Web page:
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Made a berm on the uphill side of the kitchen garden to keep run off from flooding it.
P1060602.jpg
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Tyler Ludens
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Posts: 9240
Location: Central Texas USA Latitude 30 Zone 8
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Many things were killed in the hard freeze (approx 15 F) - Broad Windsor Fava Bean seems dead as a doornail.  Daikon radishes froze down to ground level but the ends of the roots are salvageable if pulled soon before they rot.  Red Russian Kale has frozen down to the crown but might grow back.  Sweet Lorane Fava Beans look pretty good so apparently much more freeze tolerant than the other variety.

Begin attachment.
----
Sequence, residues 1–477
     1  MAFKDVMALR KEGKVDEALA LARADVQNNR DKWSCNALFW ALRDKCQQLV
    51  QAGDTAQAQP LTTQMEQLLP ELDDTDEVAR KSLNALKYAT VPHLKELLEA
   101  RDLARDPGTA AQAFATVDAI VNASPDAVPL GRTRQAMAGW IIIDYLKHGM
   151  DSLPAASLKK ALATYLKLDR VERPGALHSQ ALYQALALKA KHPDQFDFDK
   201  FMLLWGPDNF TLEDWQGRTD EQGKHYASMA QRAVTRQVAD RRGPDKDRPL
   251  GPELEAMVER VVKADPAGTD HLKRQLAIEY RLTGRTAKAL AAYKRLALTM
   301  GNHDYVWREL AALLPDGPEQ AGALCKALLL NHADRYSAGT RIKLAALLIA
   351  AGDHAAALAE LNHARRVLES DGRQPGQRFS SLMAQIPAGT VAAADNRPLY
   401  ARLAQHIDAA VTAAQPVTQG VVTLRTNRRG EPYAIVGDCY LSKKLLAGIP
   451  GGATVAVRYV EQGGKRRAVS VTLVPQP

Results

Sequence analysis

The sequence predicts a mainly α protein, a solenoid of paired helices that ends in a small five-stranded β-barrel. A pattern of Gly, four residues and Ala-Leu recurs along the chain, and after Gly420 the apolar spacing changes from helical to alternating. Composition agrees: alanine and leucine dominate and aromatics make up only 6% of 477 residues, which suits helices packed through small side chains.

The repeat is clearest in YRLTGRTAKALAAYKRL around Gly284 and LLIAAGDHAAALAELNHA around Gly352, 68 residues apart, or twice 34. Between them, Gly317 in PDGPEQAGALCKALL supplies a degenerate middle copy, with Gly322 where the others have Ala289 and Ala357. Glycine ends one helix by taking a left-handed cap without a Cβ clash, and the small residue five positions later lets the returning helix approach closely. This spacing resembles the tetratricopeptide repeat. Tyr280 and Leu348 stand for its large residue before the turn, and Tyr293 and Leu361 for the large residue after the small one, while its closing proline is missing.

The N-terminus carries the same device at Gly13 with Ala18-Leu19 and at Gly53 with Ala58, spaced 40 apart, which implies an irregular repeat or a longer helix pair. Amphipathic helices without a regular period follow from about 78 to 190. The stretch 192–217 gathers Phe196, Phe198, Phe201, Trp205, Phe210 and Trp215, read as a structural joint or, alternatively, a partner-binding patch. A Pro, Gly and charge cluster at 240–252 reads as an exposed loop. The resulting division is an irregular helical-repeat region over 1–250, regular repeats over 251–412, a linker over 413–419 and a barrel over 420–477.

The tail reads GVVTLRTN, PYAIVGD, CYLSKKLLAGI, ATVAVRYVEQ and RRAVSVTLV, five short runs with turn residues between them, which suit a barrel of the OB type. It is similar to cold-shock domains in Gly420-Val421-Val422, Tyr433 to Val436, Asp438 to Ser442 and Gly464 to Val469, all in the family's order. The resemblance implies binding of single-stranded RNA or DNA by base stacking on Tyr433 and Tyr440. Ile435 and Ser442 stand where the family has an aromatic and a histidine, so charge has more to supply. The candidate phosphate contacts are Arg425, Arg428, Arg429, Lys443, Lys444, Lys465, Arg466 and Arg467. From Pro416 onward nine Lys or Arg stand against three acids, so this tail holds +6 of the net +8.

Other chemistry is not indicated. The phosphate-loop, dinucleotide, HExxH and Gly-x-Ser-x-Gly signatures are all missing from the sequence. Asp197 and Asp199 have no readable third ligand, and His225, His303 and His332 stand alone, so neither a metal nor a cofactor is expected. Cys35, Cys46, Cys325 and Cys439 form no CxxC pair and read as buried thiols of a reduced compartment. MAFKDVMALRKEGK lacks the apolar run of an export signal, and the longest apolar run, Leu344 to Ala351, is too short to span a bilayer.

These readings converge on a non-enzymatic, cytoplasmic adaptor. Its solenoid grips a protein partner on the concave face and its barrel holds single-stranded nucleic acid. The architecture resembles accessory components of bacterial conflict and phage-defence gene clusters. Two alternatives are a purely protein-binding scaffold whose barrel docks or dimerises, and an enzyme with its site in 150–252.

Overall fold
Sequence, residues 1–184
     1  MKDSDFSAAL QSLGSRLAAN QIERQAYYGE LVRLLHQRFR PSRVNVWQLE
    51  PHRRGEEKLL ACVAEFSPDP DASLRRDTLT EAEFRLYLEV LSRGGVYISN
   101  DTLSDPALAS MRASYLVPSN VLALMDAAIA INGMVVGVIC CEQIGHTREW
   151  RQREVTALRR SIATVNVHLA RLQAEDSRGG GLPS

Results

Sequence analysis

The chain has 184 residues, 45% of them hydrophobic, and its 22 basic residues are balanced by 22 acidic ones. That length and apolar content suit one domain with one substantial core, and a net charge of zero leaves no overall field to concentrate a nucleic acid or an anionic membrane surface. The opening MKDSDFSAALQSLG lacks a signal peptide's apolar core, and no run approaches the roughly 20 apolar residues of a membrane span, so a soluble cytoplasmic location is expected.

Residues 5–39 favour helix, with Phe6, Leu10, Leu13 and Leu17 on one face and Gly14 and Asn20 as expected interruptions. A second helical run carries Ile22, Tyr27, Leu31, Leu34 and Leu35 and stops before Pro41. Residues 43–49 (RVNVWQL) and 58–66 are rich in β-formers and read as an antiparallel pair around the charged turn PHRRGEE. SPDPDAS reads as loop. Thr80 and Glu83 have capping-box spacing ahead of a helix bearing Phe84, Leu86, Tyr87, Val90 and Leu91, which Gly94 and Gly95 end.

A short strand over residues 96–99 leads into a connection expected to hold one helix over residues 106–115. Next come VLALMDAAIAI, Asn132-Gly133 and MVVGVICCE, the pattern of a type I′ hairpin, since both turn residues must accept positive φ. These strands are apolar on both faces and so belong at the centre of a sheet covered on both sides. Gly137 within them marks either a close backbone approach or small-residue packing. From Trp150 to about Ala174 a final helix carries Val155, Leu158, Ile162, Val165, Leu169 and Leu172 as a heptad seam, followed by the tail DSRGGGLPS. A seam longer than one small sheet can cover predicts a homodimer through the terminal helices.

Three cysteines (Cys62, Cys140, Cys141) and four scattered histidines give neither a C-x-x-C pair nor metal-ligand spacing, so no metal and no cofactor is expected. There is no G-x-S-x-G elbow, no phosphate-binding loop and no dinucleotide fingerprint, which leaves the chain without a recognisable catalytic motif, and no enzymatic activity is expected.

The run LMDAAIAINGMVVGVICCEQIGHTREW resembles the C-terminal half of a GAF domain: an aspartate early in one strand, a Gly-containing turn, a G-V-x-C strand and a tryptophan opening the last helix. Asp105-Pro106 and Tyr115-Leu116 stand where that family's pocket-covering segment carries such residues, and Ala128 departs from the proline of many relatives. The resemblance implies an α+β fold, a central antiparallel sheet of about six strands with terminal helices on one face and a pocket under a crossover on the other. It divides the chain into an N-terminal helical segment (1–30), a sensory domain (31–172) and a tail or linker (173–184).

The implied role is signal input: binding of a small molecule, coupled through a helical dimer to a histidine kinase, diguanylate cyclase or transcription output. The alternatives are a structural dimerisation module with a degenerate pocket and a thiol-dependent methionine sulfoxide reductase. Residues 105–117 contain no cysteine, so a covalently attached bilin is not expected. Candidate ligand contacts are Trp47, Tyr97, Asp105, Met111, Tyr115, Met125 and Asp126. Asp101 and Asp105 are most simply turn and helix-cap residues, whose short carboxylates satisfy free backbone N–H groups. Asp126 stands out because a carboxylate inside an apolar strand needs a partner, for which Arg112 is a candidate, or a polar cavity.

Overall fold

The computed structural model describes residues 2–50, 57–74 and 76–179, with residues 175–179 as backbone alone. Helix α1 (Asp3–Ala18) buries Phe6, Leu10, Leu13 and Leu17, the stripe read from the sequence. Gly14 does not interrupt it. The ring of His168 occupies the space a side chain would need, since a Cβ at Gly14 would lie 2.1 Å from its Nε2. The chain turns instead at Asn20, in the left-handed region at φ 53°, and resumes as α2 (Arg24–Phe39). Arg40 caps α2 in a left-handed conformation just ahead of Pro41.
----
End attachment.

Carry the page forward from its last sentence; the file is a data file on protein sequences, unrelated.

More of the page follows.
Tyler Ludens
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Location: Central Texas USA Latitude 30 Zone 8
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Here's a comparison between the two varieties of Fava today.  Sweet Lorane seems much more freeze-tolerant.  The drawback is this variety has much smaller beans than Broad Windsor, which will make it more tedious to prepare.  But little beans are better than no beans!  I don't think the Broad Windsor will even be able to grow back from the crowns, but I'm leaving them be until I know for sure.
broadwindsor.jpg
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sweetlorane.jpg
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Tracy Wandling
gardener
Posts: 733
Location: Cortes Island, British Columbia. Zone: 8ish Lat: 50; Rainfall: 50" ish; sand and rocks; well water
91
bee books chicken forest garden fungi hugelkultur trees
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That's pretty cool to know! Sweet Lorane would do well here, too. Maybe before you thresh the beans, look for a plant or plants that have larger beans and save those for seed. Maybe you could select for larger bean size and create a better bean for you.